First, all the big social media are products of mega-companies. Every private company is a dictatorship (in democracies and dictatorships). Neither the “virtual community” nor the consumers nor the citizens have a say in how they are managed. They don’t vote. Much less in its algorithms and its economic benefits. Every big business exudes its own ideology. Its ideology, necessarily, is conservative, from the right, from the most primitive capitalism to neoliberalism, libertarianism, and all the well-known pro-capitalist fascisms. In the same way that the left developed in the culture of books, the right reigned in more massive media such as radio (Germany), television (United States), and now, social media.
The proven fact that hate and anger reign supreme on these platforms which benefits the far right more than the far left.
Is there no hate on the left?
Yes, of course, as there is love on the right. But here what matters is to consider the general weather. A leftist group, say a revolutionary group that takes up arms, like the black slaves in Haiti during the 1804 revolution, can use hate as an instrument of motivation and strength. But hate is not usually the ideological foundation of the left whose main banners are “equal freedom”, that is, the vindication of groups that consider themselves oppressed or marginalized by power. The hatred of the class struggle is a tradition of the right; Marxism only made it conscious. Fighting for equal rights for blacks, women, gays or the poor is not the same as opposing this fight as an epidermal reaction to the loss of privileges based on race, gender, social class or hegemonic nations, in the name of freedom, patriotism, civilization, order, and progress. That is hatred as a foundation, not as an instrument.
Is there a difference between different hates?
Hate is only one, it is a disease, but its causes are multiple. The hatred of slaves for their masters, of those exploited by their bosses, of those persecuted by their governments, is not the same as the hatred radiated and spread by abusive power. The slave hates his master for his actions and the master hates his slaves for what they are (an inferior race, for example). In the same way that no one with a minimum culture could confuse machismo with feminism, in the same way, the patriotism of the revolutionary who fights against the colonizer and the patriotism of the colonizer who fights to exploit the corrupted people cannot be confused. In one, it is patriotism used for vindication, liberation, equal rights, independence, and equal freedom. On the other, it is a claim for special rights based on their nationality, their race, their religion, or any other particularity of their intellectual provincialism.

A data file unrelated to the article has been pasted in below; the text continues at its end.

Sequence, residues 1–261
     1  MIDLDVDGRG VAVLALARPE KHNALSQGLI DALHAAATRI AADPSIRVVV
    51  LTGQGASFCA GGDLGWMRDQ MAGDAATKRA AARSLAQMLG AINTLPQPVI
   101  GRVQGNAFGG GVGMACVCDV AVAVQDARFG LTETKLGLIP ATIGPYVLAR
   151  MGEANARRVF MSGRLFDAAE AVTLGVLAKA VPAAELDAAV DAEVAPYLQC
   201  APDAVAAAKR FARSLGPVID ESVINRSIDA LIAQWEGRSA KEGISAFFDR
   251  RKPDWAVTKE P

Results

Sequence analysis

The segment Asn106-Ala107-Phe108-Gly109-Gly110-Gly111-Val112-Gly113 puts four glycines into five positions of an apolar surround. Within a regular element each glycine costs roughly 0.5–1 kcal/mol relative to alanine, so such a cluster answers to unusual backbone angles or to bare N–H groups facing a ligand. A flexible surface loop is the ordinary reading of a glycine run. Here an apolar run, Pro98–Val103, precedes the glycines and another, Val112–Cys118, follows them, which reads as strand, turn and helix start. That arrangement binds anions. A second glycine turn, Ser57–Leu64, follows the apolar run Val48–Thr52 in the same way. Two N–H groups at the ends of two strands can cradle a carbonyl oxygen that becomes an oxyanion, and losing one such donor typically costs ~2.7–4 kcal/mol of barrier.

What are the consequences of this virtual business?
Social media express the desire for war without the risks of war. Until the real war breaks out. This need for confrontation, for channeling frustrations through rhetoric and aggressive body language (the leader disheveled, proudly obscene, calculatedly ridiculous to provoke a more negative reaction) is typical of the extreme right of the media. Different, the more formal manners of neoliberalism (economic neocons, radical businessmen) preferred the labels of the aristocracy. Once all its policies, economic plans, and social promises have failed, the circus of the extreme right has resorted to clown-like body language rather than the serene dialectical dispute.
The culture of books, where the traditional left was educated since the Enlightenment, is replaced by the culture of right-wing social media, where immediacy, and epidermal reaction reigns and dominates. Aggression, anger, and rage as an expression of mass individualism (not of the individual) become uncontrollable and, as if that were not enough, they become effective in the struggle to colonize the semantic fields, the truth, and the political power of the moment.
Jorge Majfud, May 2022
Pemba, Mozambuique, 1997